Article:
Moving Beyond Naming Names
By Geneva Overholser
Saturday, September 4, 2004; Page A31
The drama of Kobe Bryant and the woman who accused him of rape in a little
Colorado mountain town 14 months ago has moved to new terrain. So, too, should
the media discussion of rape.
In a tumultuous news year, journalists kept the nation's gaze focused on a
story that seemed to have everything: privacy vs. celebrity, power, race and
gender, sex, truth and falsehood, media excess and legal murkiness. Throughout
the saga, there has been a great deal more heat than light emanating from
Eagle, Colo. Now Bryant's accuser has taken the controversy into the more
public sphere of civil court. This is the moment for responsible media to move
beyond a long-unproductive -- and now meaningless -- debate over whether
Bryant's accuser should be named, to take on the critical question of how such
sensational stories can be covered in the public interest.
Though the criminal case against Bryant has ended, resolution is not a word
that comes to mind -- and not only because Bryant's accuser has filed a civil
suit. This case has thrown the nation's rape shield laws into the air. These
rules arose from years of harrowing injustice, countless cases based on the ugly
notion that the woman must have "asked for it." Every detail of her
sexual past became fair game to prove it. Correctives arose, but clarity has
been elusive. In a society deeply ambivalent about the balance of power between
men and women and troubled about how to weigh one account versus another in a
complex world of changing sexual mores, this case has created still more
Most painfully unresolved are the lives of those involved. A 19-year-old
front-desk clerk filed charges, only to see her life threatened and all sense of
normality lost. A megastar in sports has his name inextricably linked to a
Neither of these two can claim any shred of privacy. Yet one remains, officially
at least, unnamed. It is past time the media lifted themselves out of this
narrow controversy about whether to name those who bring charges of rape.
There have long been powerful arguments against the aberrational decision not to
name names of adults who bring charges in this crime, and this crime only. Names
are a key element of journalistic responsibility and credibility. Any departure
from this journalistic principle had better be unquestionably sound, for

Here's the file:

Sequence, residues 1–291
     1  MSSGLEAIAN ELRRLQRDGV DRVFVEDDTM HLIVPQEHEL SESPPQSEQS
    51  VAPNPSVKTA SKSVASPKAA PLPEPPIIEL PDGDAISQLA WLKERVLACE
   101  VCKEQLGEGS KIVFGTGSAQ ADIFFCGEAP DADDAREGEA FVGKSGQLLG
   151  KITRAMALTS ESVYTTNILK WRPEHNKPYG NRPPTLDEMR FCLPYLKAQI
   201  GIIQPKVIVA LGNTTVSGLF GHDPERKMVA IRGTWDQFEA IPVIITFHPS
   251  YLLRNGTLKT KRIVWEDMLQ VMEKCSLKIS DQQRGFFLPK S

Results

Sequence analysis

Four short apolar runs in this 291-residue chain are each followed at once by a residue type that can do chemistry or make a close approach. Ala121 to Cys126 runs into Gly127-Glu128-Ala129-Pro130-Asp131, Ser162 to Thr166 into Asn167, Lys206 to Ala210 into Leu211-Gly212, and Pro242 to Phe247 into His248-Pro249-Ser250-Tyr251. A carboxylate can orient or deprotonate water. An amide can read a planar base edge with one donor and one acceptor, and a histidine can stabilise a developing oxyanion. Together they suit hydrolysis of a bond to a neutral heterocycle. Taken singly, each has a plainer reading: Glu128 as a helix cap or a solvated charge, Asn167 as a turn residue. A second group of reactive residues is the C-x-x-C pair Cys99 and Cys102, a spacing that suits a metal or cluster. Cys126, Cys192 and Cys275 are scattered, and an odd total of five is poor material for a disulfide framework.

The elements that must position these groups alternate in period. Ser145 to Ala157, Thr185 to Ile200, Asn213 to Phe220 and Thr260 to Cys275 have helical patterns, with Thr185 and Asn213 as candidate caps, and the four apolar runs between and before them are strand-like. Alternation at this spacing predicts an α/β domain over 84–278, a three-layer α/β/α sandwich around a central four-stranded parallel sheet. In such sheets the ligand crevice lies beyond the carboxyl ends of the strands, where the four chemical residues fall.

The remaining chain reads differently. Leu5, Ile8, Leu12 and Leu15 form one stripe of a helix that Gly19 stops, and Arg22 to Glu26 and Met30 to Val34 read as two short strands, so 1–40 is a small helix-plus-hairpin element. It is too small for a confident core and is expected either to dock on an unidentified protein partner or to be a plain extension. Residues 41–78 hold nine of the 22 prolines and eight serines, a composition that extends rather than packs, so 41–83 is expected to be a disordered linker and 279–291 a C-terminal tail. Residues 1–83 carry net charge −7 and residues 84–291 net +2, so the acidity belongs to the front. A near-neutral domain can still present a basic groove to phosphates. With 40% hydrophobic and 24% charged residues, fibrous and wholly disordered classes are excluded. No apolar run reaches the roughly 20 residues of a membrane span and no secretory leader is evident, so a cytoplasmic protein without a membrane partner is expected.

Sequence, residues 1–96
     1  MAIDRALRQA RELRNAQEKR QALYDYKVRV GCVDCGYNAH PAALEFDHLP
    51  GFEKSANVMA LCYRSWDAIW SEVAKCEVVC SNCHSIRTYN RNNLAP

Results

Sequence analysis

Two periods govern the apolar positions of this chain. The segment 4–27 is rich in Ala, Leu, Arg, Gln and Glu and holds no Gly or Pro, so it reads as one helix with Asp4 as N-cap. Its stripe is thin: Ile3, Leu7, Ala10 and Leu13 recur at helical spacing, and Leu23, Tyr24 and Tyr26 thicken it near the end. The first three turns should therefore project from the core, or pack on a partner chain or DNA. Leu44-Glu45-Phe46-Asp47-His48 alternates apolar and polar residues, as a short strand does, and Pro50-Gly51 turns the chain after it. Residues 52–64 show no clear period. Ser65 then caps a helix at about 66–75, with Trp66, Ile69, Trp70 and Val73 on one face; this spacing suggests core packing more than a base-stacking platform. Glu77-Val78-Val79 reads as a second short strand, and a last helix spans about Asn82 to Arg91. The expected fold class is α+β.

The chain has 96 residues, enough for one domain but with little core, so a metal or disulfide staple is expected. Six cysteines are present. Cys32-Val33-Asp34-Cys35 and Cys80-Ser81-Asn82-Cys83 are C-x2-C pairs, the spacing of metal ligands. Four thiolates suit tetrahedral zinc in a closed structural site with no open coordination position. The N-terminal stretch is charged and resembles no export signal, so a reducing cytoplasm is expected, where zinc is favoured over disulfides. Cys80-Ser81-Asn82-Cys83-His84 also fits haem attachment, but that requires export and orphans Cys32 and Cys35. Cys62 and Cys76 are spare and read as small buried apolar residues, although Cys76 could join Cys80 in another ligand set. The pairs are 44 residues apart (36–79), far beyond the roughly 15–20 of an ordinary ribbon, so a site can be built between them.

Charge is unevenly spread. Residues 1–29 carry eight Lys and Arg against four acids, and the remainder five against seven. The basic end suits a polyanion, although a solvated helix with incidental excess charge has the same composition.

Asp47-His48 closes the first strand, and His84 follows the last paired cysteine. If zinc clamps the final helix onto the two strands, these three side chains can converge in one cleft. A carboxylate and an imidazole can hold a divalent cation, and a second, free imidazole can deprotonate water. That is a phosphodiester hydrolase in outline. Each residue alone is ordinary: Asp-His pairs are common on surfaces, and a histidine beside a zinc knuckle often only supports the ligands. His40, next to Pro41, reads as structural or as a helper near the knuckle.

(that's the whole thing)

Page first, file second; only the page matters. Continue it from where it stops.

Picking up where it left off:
journalists are not equipped to do social work.
Protecting children, for example -- both perpetrators and victims of crime -- is
even-handed, with a clear imperative. To add this one category of adults to
those afforded protection is to vote on guilt or innocence. This is not for
journalists to do. Other questions, too, arise again and again: Would naming
rape victims cause fewer reports to police? Does naming twice-victimize them?
Does not naming contribute to underreporting of rape in the media? Does not
naming participate in the stigma -- the cruel notion that somehow the woman is
implicated? These are painful and difficult issues, but all are trumped by this
one fact: Journalists cannot choose the one adult in a criminal trial who
Into the old debate now comes a new and practical element: There is no real
protection. Big newspapers and network television decline to use the name. What
has that meant for her? Radio shock jocks and Internet bloggers use it at will
-- some portraying themselves as heroes of fairness and equal justice. More
important, nearly every possible assault on her privacy and her emotional state
has come her way.
Now she has opted to take her case to civil court, a far looser and less
regulated environment. Her voluntary step further into the public limelight
makes appropriate a unified move by editors to cease the conceit of this naming
taboo. Thus freed from a debate of little meaning, journalists could move on to
discuss a terribly meaningful one: how to cover rape trials with sensitivity,
balance, fairness, a concentration on fact over rumor. That is the kind of
journalism that determines whether a controversy like this one in Eagle helps a
society resolve a set of troubling issues, or only makes them worse.
The writer is a professor at the University of Missouri School of Journalism.